Sourcing quality salmon for your home kitchen is an incredibly easy process these days. With so many fresh options available, as well as individually quick frozen choices in your grocer's freezer sections, it's easier than ever to keep high-quality salmon filets on your table any night of the week.
When possible I like to prepare salmon fresh at home, and if available I like to buy a side or filet to portion for myself. This helps ensure the highest quality salmon possible and allows me the ability to prepare the filets to my liking.
By following these steps I am able to consistently get the best quality salmon possible and create incredible salon entrees that my family raves about.
1. Make sure to remove all the scales.
I like to pan-fry salmon fillets with the skin on, this helps the fish cook evenly, and crispy salmon skin is absolutely delicious but that effect can be ruined by finding a scale left on the skin. Make sure to remove all the scales if you are leaving the skin on the fish, this can be done by scraping the tip of a sharp knife or a fork along the skin against the direction of the scales. Make sure to rinse the filets before patting them dry and cooking them in your preferred method.
2. Remove all of the pin bones.
Like trout, salmon has a number of pin bones that run along the length of the filet, though they don't go quite as far down the filet as the trout bones do. You can remove them in the same way by using a pair of fish tweezers or a needle nose plyer. Again press down on the flesh with your fingers to expose the pine bone and carefully pull it out with the tweezers using even consistent force.
3. Use new and unique techniques to step up your salmon flavor.
Salmon can be eaten raw or cooked in almost any number of ways. From grilling on cedar planks to pan-searing, or curing and smoking, salmon has so many different applications you'll be hard-pressed to run out of options. I like to use strong, rich flavors, like curry, or spicy marinades to help accentuate the fatty richness of the salmon meat.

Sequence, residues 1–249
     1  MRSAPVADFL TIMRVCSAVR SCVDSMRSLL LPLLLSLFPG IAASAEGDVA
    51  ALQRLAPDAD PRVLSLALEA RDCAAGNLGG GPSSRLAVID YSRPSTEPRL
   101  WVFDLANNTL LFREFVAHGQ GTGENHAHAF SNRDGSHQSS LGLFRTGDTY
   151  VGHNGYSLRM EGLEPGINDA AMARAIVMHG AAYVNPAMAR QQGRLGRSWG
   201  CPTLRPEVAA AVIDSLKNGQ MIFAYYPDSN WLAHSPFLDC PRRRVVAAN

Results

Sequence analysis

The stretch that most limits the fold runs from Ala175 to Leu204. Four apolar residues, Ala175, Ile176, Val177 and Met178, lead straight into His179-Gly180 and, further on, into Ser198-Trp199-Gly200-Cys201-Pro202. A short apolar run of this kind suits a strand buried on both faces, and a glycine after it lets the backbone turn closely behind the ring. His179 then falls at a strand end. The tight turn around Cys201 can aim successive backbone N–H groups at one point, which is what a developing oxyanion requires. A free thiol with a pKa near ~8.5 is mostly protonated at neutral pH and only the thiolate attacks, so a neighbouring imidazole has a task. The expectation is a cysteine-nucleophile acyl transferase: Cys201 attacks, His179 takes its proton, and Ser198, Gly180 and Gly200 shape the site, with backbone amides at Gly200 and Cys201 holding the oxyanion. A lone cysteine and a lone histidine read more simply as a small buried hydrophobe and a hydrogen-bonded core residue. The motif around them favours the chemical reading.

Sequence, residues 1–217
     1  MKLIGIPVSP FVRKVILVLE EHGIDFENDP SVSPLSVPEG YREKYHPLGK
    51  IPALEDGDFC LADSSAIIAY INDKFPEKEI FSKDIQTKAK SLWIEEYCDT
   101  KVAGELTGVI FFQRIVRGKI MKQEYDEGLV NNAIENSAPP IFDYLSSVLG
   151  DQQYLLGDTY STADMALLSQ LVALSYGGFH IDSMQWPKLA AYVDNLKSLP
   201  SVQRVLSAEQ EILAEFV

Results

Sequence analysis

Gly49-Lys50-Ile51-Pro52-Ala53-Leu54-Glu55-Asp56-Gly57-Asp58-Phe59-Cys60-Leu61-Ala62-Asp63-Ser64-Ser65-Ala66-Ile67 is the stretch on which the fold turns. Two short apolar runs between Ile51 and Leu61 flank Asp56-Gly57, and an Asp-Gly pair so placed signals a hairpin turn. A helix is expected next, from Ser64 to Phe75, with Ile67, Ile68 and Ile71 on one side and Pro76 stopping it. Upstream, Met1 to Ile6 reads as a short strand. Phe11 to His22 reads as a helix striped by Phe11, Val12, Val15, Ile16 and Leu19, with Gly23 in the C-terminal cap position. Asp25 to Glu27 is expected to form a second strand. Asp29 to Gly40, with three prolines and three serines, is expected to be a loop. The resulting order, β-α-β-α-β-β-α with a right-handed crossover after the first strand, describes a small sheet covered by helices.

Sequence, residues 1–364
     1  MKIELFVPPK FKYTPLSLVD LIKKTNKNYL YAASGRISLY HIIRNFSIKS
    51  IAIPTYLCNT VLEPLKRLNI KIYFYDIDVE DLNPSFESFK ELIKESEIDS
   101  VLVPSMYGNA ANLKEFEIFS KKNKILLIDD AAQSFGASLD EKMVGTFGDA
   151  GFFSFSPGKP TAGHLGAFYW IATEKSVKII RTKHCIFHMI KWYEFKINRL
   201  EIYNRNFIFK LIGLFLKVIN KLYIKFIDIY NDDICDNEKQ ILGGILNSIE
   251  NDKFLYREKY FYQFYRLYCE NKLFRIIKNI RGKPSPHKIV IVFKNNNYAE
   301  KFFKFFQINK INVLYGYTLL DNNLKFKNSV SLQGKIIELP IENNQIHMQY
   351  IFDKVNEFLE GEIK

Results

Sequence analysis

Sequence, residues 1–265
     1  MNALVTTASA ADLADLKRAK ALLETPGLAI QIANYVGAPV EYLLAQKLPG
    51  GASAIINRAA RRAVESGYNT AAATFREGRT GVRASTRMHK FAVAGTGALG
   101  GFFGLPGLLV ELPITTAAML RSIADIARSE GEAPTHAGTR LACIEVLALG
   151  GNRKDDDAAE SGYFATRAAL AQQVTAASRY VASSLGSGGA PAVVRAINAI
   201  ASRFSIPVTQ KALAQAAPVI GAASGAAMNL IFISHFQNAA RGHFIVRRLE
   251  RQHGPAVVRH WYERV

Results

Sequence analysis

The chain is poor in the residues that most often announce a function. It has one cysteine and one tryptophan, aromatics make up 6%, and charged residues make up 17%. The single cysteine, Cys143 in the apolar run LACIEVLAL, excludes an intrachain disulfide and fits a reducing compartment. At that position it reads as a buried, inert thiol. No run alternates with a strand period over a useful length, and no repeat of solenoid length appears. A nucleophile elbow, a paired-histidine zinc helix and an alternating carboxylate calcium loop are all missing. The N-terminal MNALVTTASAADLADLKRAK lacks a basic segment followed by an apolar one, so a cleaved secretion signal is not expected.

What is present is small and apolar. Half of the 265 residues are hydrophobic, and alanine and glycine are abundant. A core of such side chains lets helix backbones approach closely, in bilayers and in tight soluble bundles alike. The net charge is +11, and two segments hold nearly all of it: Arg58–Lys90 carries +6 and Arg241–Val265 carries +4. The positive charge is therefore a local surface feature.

Salmon can make a great dip or salad or can be used to make cakes like crab cakes. You can slice it and serve it with vinegared rice wrapped in a sheet of nori for a super easy sushi hand roll or even barbecue with a mellow brown sugar rub. The options are endless for great salmon flavor as long as you've got the curiosity to try something new!
Trout vs Salmon Nutritional Facts!
Trout and salmon are both incredibly healthy for you. Filled with fatty acids and healthy calories, proper fish intake is key to a quality diet as it helps with any number of things from heart health to brain development and mental acuity.
On the caloric side, these fish are definitely similar, but one is a bit richer than the other. Check out the chart below for a look at the Nutritional Facts for trout vs salmon.
Trout vs Salmon Final Thoughts.
Overall, trout and salmon have a lot in common. They are descended from the same family of fish and have a similar structure. One is a freshwater fish for the entirety of its life, while the other spends time in different habitats depending on the stage of life it's in.
Salmon, is generally richer, larger, and more orange in color, while trout is smaller, lighter in flavor, and in color as well. Both are incredibly delicious sources of protein, and a great part of any balanced diet.